A team of researchers from Oslo University Hospital in Norway, led by Dr. Hilde Risstad, compared the 5-year outcomes of two types of bariatric surgery performed on severely obese individuals (BMIs were between 50 and 60; obesity is defined as a BMI over 30). The techniques used were standard gastric bypass surgery (GB), or a technique called biliopancreatic diversion with duodenal switch (BPD-DS).
The participants in the study initially were between 20 and 50 years old; 31 of them were randomly assigned to gastric bypass, and 29 were assigned to the duodenal switch procedure. Both procedures were performed laparoscopically. In the gastric bypass procedure, the stomach is restricted to a small pouch, and then most of the small intestine is bypassed this procedure limits both the amount of food eaten as well as the absorption of nutrients from the food. The BPD-DS involves removing a large part of the stomach, rerouting the food away from the small intestine, and in addition, altering the way that digestive secretions (bile and pancreatic enzymes) affect the digestive process. More information on these procedures can be found both here and here.
Five years post-surgery, the participants who underwent the GB had reduced their BMIs by nearly 14 units (about 91 pounds) , while those with the GPD-DS surgery saw their BMIs fall by over 22 units (about 146 pounds). So on first glance it appears that the GPD-DS would be the method of choice. However, there were some significant drawbacks to this procedure.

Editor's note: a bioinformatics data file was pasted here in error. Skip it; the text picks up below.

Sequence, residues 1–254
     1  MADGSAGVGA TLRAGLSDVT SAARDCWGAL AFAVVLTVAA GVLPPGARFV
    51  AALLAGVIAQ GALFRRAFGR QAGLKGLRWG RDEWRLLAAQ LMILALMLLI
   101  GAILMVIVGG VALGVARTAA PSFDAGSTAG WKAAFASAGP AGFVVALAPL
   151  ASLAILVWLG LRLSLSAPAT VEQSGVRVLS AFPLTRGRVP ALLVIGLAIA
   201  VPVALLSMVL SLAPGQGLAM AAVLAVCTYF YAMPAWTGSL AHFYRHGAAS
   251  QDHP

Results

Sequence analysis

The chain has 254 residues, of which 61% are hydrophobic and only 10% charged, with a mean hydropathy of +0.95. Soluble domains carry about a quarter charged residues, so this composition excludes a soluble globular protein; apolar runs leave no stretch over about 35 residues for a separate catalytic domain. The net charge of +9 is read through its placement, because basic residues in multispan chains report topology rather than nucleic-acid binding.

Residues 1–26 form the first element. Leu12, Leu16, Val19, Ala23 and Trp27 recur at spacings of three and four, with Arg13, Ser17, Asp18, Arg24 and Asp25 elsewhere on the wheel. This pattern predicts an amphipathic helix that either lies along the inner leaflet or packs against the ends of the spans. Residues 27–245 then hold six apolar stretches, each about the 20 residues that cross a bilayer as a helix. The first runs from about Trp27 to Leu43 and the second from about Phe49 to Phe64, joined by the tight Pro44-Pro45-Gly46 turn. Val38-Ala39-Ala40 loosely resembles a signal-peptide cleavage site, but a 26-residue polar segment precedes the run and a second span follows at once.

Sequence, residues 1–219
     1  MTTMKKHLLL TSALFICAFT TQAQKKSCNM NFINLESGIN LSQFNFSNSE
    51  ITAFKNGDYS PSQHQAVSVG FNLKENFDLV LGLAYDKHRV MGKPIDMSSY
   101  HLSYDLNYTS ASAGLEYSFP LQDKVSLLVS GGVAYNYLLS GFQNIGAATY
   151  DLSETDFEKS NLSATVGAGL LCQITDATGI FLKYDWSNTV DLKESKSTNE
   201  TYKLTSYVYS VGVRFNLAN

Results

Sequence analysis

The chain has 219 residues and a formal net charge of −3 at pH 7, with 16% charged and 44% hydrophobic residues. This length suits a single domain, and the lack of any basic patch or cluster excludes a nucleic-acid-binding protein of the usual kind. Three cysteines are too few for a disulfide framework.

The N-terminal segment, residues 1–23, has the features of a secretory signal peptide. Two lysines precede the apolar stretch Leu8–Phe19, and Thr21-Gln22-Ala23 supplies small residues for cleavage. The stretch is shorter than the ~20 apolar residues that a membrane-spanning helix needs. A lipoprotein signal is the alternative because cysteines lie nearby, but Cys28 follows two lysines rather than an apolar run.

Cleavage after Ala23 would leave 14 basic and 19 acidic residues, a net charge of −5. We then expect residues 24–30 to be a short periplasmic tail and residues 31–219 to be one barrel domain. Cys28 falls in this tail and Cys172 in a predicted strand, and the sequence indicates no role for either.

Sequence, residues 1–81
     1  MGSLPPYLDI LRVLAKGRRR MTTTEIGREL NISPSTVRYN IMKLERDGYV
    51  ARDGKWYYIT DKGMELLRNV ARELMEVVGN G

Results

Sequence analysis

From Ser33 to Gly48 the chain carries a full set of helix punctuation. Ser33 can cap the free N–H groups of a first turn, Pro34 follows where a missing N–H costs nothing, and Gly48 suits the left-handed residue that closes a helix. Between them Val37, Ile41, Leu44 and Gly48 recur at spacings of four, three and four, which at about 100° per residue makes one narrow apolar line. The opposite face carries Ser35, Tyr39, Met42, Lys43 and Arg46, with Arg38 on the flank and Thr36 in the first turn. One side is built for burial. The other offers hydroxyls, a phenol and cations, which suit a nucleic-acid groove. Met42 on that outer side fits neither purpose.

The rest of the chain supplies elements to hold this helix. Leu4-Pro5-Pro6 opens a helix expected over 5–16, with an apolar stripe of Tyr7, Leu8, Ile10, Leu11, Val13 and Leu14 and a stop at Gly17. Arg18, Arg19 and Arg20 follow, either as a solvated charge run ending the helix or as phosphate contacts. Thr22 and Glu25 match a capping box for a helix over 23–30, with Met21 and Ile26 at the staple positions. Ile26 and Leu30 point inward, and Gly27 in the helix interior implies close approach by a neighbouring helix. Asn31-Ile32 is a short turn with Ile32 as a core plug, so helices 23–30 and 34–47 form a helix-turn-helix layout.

Although remission of diabetes and metabolic syndrome, changes in blood pressure and lung function were similar between the two types of surgery, that wasn t true for all parameters examined. The researchers found that participants who had the GPD-DS surgery were significantly more likely to have adverse gastrointestinal effects, as well as lower concentrations of vitamins A and D in their blood. They were also more likely to be hospitalized for surgical problems and have more nutritional deficiencies than people who had the GB surgery.
The investigators concluded We recommend that duodenal switch be used with caution owing to a higher rate of additional surgical procedures and risk of nutritional complications.
ACSH s Dr. Ruth Kava agreed: Although the first line of effectiveness is obviously weight loss, the importance of the negative side effects seen with the BPD-DS procedure must not be minimized. It also will be important to see how these participants fare after a longer follow-up period for example, does one group maintain its weight loss better than others, and can the nutritional deficiencies and other negative side effects of this procedure be satisfactorily rectified.